The value of some firms is strongly affected by which party controls political power. Stock market
reactions to political events demonstrate this. However, contrary to common perception, event
studies do not indicate that the ability to make unlimited campaign contributions enhances a firm’s
value. Geographic and personal connections to political actors matter more, although there is some
evidence that personal connections may be rented via professional lobbying.
Is the midnight regulations phenomenon real and what are its consequences? This paper finds that when an administration’s time is almost up, submissions of economically significant regulations nearly double. Such surges in regulatory activity decrease the duration of regulatory review at the Office of Information and Regulatory Affairs (OIRA), likely because of political pressure to quickly approve new rules. Specifically, one additional economically significant regulation submitted to OIRA decreases the mean review time for all regulations by about two thirds of a day. If OIRA review improves regulation quality, then regulatory surges that decrease review time could hinder such improvement.
This paper assesses the quality and use of regulatory analysis for economically significant regulations produced by federal agencies in 2008. A shorter and updated version of this paper was published in the journal Risk Analysis.
After a careful review of the legislative requirements that the SEC consider investor protection, efficiency, competition and capital formation in adopting new rules, I would like to simply offer a list of six items that would demonstrate a sincere commitment by the SEC to fulfill its statutory mission. The first five I will list are in fact required by law if one carefully reads the legislative and judicial history of the SEC’s mandate to consider the economic impact of new rules.
Jerry Brito testified before the House Committee on Oversight and Government Reform Subcommittee on Technology, Information Policy, Intergovernmental Relations, and Procurement Reform on open government and government transparency through technology.
Congress should conduct rigorous oversight of federal agencies and programs not just to prevent waste, fraud, and abuse, but also because current levels of spending are unsustainable, making spending cuts inevitable.
As more inevitable breaches are reported, the public will demand that Congress “do something” about the cyber threat from abroad—even if they have no idea what that something should be. As a result, Congress will be more than happy to act by spending gobs of money on “cyber R&D and scholarships,” by exempting companies from privacy laws, and even by licensing cybersecurity professionals.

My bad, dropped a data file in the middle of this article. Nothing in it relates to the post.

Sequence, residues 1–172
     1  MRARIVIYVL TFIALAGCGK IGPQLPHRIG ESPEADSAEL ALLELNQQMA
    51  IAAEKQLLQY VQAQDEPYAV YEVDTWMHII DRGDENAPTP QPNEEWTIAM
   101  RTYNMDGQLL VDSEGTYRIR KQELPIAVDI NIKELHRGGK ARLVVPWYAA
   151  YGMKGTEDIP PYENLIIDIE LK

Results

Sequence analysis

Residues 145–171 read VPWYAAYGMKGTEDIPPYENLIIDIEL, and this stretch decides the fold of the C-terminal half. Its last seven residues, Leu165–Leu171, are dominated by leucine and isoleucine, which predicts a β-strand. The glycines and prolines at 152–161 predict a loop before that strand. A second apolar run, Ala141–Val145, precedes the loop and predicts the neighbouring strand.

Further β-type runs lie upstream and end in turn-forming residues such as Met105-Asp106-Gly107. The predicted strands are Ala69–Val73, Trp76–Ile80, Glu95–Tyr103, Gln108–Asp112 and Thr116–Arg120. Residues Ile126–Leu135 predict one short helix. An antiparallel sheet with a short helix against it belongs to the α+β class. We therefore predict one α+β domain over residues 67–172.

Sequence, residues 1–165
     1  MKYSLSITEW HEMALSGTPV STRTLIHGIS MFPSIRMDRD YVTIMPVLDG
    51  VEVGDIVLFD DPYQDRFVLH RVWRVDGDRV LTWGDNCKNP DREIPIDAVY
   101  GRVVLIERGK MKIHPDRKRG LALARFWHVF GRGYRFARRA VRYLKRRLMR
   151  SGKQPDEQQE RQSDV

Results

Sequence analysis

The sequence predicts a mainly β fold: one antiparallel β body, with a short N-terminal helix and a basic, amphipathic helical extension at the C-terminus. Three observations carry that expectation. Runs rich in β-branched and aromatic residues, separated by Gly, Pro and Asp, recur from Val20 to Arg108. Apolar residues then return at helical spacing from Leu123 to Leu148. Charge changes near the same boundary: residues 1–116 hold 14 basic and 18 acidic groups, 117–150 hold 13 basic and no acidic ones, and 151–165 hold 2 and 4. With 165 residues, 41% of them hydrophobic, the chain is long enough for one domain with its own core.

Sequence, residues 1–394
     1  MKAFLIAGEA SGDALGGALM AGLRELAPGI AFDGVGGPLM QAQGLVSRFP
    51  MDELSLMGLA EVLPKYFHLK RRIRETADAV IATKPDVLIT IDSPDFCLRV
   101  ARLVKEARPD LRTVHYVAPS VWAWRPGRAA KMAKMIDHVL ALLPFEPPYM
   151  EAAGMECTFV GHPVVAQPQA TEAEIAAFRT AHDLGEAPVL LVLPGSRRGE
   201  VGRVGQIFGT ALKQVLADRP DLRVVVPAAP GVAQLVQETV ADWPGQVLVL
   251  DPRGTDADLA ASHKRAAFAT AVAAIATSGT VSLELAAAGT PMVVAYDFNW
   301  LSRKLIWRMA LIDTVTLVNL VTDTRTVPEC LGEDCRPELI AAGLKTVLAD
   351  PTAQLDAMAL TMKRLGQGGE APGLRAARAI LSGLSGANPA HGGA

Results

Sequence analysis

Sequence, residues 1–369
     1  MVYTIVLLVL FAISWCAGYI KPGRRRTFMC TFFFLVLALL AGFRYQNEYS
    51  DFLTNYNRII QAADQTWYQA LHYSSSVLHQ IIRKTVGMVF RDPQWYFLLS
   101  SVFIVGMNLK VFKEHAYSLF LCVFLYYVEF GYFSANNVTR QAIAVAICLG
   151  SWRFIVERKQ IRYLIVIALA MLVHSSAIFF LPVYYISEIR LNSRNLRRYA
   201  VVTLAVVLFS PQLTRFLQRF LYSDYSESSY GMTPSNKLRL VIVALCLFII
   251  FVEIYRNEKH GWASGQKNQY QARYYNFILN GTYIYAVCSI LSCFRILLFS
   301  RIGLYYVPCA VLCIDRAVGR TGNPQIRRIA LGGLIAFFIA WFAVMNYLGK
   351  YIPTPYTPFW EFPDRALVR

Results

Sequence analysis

Market competition is an ongoing process among sellers to persuade consumers voluntarily to choose among the vast array of goods and services available at any time from different producers. This competition is key to our high standard of living. As long as consumers are free to spend their money as they see fit, producers must serve consumers. This rivalry among producers is driven by producers’ understanding that, in free markets, profits are earned only by those producers who offer to consumers the best deals as judged by consumers .
What destroys this intricate fabric of social cooperation is when politicians and bureaucrats intervene, thinking they know better who should be producing which things and how they should be doing it. The social cooperation of the market relies on the accuracy of those price and profit signals. When government policy attempts to force prices up or down, limit profits or "bail out" losses, it pits us against each other in a struggle for government privileges rather than encouraging cooperation.
If Congress is truly concerned about a president enacting laws that it has chosen to reject, it should reconsider regulatory powers it routinely extends to the executive. On the other hand, if Congress continues to expand the power of the regulatory state, there might come a time when there indeed is nothing the president can't do unilaterally.
Jerry Brito is a senior research fellow at the Mercatus Center and directs the Technology Policy Program. His primary research interests are technology and telecommunications policy, government transparency and accountability, and the regulatory process.
Maurice McTigue is vice president for outreach at the Mercatus Center at George Mason University. He is director of the Mercatus Center's Government Accountability Project and a member of its Spending and Budget Initiative and State and Local Policy Project.
Eileen Norcross is a senior research fellow at the Mercatus Center at George Mason University. Her primary research interests include fiscal federalism and institutions, state and local governments, and economic development.